Raising money from venture capitalists is a critical hurdle many rapid-growth startups will face at some point in their life.
But the wealthy venture capitalist firms are inundated with thousands of pitches from enthusiastic young tech companies every year.
Entrepreneurs are so desperate to tap into the billions of pounds floating around these establishments that they’ll go to great lengths in order to get their business plan under the nose of a top investor.
This constant bombardment can frustrate investors to the extent that they never want to hear about particular companies again.
Beyond pitches, VCs will also invest in startups off the back of their own thematic research into sectors or industries where they believe disruptive companies can emerge.
They also fund companies that are referred to them through their network of current and former portfolio companies, VC industry colleagues, angel investors and advisors. Basically, who you know can be just as important as what you know. As Ari Newman, partner at Techstars puts it: "Try to find someone in your network who can introduce you to a VC. If you have no one who can introduce you, go back to networking."
To give you the best chance of succeeding in your pitch, Techworld has compiled a list of practical dos and don’ts for pitching a VC, following talks with some of the industry’s leading tech venture capital houses.
Tips from: Ari Newman, partner at Techstars; James Wise, principal at Balderton Capital; Ben Holmes, investor at Index Ventures; and Charlie Graham-Brown, of SeedStars World.
- "Don't tell me when and how much you're going to exit for. If you're asking me for money and all you talk about is getting out immediately, I know you're in the business for the wrong reasons". (Newman)
- Waste your time pitching to the wrong person. (Wise)
- Waste time on animations and powerpoint. Data beats design. The best presentation I’ve ever seen was a screenshot from Google Analytics, links to Github and LinkedIn profiles, and a free account to try the product. (Wise)
- Blindly pitch. Have a conversation. (Newman)
- Bullshit: You’ll just lose face and faith in the long run. (Charlie Graham-Brown)
- Expect elaborate specific reasoning if we don't pursue a particular investment opportunity. (Holmes)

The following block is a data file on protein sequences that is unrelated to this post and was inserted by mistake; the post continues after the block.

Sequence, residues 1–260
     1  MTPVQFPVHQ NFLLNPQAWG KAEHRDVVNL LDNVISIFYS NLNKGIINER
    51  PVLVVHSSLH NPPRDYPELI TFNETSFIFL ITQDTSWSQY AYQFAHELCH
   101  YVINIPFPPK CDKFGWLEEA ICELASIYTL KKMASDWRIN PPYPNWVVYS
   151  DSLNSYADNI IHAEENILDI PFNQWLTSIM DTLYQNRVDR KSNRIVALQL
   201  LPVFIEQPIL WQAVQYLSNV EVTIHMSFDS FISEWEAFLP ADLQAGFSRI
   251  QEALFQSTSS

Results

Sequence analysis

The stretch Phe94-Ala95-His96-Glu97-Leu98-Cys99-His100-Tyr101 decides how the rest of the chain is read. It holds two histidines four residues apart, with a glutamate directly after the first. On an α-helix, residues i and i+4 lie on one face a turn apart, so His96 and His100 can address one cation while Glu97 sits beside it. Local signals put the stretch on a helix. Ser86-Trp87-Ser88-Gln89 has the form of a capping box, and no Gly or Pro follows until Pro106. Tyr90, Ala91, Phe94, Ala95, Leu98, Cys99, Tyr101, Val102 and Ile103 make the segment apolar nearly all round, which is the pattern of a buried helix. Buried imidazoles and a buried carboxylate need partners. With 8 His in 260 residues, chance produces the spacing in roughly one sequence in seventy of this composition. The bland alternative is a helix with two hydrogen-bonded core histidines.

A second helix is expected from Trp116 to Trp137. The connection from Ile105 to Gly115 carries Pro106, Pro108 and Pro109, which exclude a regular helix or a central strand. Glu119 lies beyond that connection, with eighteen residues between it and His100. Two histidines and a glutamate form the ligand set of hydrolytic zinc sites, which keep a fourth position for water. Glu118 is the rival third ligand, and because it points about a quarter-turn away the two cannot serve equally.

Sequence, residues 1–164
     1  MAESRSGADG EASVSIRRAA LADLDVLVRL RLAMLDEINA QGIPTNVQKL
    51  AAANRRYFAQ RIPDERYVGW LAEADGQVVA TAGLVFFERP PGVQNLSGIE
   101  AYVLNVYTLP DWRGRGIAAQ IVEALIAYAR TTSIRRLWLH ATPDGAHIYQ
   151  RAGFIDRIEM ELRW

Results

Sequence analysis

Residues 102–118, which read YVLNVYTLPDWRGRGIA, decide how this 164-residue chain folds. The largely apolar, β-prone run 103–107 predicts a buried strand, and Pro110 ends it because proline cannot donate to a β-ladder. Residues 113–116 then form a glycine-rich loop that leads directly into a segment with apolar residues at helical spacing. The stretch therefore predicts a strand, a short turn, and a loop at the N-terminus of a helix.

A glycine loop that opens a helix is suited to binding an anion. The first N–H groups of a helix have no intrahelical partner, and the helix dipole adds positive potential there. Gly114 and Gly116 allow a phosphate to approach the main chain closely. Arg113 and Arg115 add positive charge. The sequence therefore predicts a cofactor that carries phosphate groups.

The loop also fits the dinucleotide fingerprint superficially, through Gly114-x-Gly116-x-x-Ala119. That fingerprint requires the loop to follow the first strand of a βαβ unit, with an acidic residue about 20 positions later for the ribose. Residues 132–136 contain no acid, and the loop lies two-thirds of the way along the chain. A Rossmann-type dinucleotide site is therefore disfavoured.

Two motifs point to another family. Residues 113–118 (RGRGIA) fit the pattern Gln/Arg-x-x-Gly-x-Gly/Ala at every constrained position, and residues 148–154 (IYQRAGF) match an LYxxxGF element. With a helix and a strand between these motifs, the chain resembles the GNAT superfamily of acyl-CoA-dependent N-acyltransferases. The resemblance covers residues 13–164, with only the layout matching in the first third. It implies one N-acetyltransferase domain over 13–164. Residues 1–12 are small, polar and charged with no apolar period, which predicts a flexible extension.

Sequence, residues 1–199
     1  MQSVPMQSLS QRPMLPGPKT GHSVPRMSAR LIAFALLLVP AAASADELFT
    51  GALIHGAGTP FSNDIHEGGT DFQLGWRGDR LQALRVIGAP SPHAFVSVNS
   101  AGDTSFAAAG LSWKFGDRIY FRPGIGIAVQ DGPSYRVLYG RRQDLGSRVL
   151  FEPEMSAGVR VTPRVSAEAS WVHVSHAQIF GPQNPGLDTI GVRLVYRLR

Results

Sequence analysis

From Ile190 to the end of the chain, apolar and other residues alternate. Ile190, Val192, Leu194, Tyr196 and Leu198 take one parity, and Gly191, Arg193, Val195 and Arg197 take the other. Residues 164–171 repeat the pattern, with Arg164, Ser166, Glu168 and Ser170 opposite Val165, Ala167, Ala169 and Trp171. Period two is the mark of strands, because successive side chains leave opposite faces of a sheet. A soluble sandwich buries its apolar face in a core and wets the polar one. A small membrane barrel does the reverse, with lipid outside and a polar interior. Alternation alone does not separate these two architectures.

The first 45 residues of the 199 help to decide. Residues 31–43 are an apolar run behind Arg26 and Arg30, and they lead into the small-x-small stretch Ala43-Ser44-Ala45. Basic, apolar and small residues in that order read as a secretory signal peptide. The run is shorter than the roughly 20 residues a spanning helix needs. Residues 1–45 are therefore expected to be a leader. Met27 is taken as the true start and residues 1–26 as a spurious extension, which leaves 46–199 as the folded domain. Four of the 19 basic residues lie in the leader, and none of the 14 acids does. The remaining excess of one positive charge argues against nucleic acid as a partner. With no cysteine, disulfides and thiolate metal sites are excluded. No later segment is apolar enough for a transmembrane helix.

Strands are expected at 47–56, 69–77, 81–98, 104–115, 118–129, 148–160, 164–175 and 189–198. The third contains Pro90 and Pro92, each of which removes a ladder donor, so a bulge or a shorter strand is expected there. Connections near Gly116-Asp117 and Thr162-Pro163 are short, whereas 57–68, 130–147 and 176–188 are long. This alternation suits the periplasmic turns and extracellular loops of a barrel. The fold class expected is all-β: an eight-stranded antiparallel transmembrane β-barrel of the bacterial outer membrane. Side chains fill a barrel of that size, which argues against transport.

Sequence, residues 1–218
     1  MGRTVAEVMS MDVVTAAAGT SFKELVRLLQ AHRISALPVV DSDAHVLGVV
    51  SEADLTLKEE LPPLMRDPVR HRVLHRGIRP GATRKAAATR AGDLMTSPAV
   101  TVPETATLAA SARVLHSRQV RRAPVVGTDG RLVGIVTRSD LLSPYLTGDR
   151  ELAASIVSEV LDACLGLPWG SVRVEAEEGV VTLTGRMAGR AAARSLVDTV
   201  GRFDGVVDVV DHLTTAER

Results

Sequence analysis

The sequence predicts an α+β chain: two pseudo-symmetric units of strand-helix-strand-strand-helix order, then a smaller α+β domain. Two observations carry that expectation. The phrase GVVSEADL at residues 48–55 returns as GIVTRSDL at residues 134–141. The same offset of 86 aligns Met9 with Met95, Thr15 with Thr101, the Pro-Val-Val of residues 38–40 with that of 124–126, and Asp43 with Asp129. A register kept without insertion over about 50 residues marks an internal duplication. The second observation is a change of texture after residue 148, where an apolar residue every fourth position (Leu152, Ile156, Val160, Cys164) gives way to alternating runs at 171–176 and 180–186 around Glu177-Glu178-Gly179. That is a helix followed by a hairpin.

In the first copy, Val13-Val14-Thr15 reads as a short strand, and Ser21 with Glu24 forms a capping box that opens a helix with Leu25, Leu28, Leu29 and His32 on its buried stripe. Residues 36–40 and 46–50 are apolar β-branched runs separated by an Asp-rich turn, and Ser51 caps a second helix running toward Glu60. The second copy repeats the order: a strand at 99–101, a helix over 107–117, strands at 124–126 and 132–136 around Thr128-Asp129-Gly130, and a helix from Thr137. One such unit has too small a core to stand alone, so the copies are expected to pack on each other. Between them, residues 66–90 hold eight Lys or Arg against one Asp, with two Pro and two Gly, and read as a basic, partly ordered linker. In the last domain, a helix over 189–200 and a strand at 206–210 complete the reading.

- Underplay the competition: It’s better to know them and learn from them, than be ignorant. (Graham-Brown)
- Be anxious: Your body language will do a lot of the talking for you. (Graham-Brown)
- "Don't bother going in at all if you haven't done your homework. Know who you're talking to, know their portfolio and how they work." (Newman)
Now you know what not to do, here's what you should do.
- Be authentic. Great investors are generally great readers of people and they can tell if you are bullshitting. (Ari Newman)
- Find the right audience. Most investors focus on a sector (consumer software, biotech, retail) and a stage (less than $200,000, up to a $1 million, up to $10 million etc). (James Wise)
- Give VCs data rather than just 'telling them a story'. Get to the point and provide real proof that you have good product/market fit, why you team is amazing, how much progress you have made and how you'll use funding. (Ari Newman)
- Focus on the things you control. Most pitches contain too much information on market size and competition. Good investors will do that research themselves. Instead explain what you’re doing to build the team, product and business, and why you think revenues and profit will follow. (Wise)
- Show your strengths. No early stage company is perfect, but to be successful you need to have an area where you’re exceptional. Whether this is the team, product or early traction, make sure it is the first thing investors understand. (Wise)
- Index almost always prefers to back a founding team rather than a lone founder. Having commercial, operational and technical talent within the founding DNA of a company will give it a better chance of success and we look for teams that bring together all these elements. (Ben Holmes)
- Be well rehearsed. There are many events and forums where you can see other companies present and road test and iterate your own business plan. These are highly worthwhile and we always give credit to entrepreneurs who over time show an ability to iterate and an openness to change and improve an initial idea. (Holmes)
- Be targeted. Think carefully of why your business is likely to be of particular interest to Index Ventures given past and current investments and any comments we have made at events in the press or social media. Think who specifically at the firm is the most relevant person to try to build a relationship with given your sector, stage and geographical focus. (Holmes)
- Convince us that your business can ultimately exit for many hundreds of million or ideally billions of dollars/euros. We are unlikely to pursue investment opportunities where the absolute return for investors is capped by market size constraints, even where relative return on investment may be positive. (Holmes)
- Build a relationship. We are always positively disposed to founders who are able to share with us some information over a period of time about how they are developing their business before we have more explicit dialogue about an investment round. Events and social media as well as email provide a great way to engage with us in a more informal way well in advance of more formal and focused meetings and presentations. (Holmes)
- Keep it simple: Go later into the details in Q&A or you risk losing the investor’s attention. (Graham-Brown)
- Know the person in front of you: Everyone has a different set of priorities and interests. It might be a return on investment but there often other angles open. Find out what it is. (Graham-Brown)
- Get emotional: Tell a story that resonates with the listener. (Graham Brown)